Fuji X-Pro1 review

Shooting at f/1.4 using the 35mm lens has restricted the depth of field nicely here. (See full image)

Fuji X-Pro1 review

Taken using the 256-zone Multi metering system, this scene required +1.33EV exposure compensation to bring out the details of the statue against the bright overcasst sky. (See full image)

Fuji X-Pro1 review

The auto white balance system struggled to cope with the mixed lighting and has produced a slightly warm result - it's also a little darker than we'd like. (See full image)

Fuji X-Pro1 review

This is the same image as the one immediately above, but we've used Photoshop's levels control to address the colour and brightness issues. (See full image)

Fuji X-Pro1 review

Another image that needs a little brightening, but there's plenty of scope for making adjustments thanks to the broad dynamic range. (See full image)

Fuji X-Pro1 review

The same image as the one above after a quick levels adjustment. (See full image)

Fuji X-Pro1

The X-Pro1 had no trouble focusing on the pigeon, while the wide aperture has blurred the background nicely. (See full image)

Fuji x-pro1 review

Edge sharpness is very good, while the out of focus areas are very attractive. Shot on the 60mm macro lens, using film simulation bracketing - this is the Astia filter. (See full image)

Fuji x-pro1 review

Here you can see the "standard" or Provia film simulation. (See full image)

Fuji x-pro1 review

The Velvia simulation, as you might expect, provides the richest and most vibrant colours. (See full image)

Fuji x-pro1 review

Focusing is very quick on the X Pro1, if not quite as fast as on other compact system cameras, such as the Olympus OM-D. It can take a little time hunting for focus, but switching on the macro mode helps in situations like this. Shot on the 60mm macro lens, with the Astia filter. (See full image)

Fuji x-pro1 review

Shot on the 60mm macro lens, with the Provia (standard) filter. (See full image)

Fuji x-pro1 review

Shot on the 60mm macro lens with the Velvia filter. (See full image)

Fuji x-pro1 review

You have the option of choosing the optical viewfinder, electronic viewfinder or shooting via Live View mode when using the camera, depending on the situation. (See full image)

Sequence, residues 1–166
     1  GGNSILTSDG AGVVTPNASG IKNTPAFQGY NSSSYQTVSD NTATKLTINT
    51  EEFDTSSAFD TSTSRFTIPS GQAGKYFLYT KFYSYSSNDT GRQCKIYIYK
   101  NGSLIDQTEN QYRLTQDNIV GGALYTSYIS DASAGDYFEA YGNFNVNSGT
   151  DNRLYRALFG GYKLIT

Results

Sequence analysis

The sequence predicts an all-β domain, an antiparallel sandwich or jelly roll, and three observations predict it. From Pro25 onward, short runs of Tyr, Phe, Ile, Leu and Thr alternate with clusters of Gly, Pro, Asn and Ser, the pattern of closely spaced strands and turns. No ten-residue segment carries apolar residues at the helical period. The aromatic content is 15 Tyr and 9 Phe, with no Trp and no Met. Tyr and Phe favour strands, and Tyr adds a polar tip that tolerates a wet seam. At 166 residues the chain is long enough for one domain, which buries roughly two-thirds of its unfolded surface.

Fuji x-pro1 review

The aperture is altered via a ring on the lens barrel itself, with f/1.4 being the widest available on the 35mm lens. This image was shot at f/9. (See full image)

Fuji x-pro1 review

Exposure compensation is altered via a mode dial on top of the camera, this image was shot at f/2.4, with an EV of -1.3. (See full image)

Fuji x-pro1 review

You can shoot in a variety of different formats, including 16:9. This image is shot with the PRO Neg. Hi filter using the 60mm macro lens. (See full image)

Fuji x-pro1 review

Shot with the 60mm macro, using the Velvia filter. (See full image)

Fuji x-pro1 review

Shot with the 60mm macro, using the Sepia filter. (See full image)

Fuji x-pro1 review

Colours are represented well when using the standard (Provia) setting, which can be boosted using Velvia, or muted slightly using Astia. (See full image)

Fuji x-pro1 review

The 18mm lens provides a wide angle of view and stops down to f/2.0, allowing for shallow depth of field effects to be used. (See full image)

Fuji x-pro1 review

A large amount of the scene can be captured with the 18mm lens. (See full image)

Fuji x-pro1 review

Colours are bright and punchy in this image, which has been shot with the Velvia filter. (See full image)

Fuji x-pro1 review

Even the 18mm lens can be used as a versatile lens, macro images can be shot by switching the camera to Macro mode, which is accessed via a dedicated button on the back of the camera. (See full image)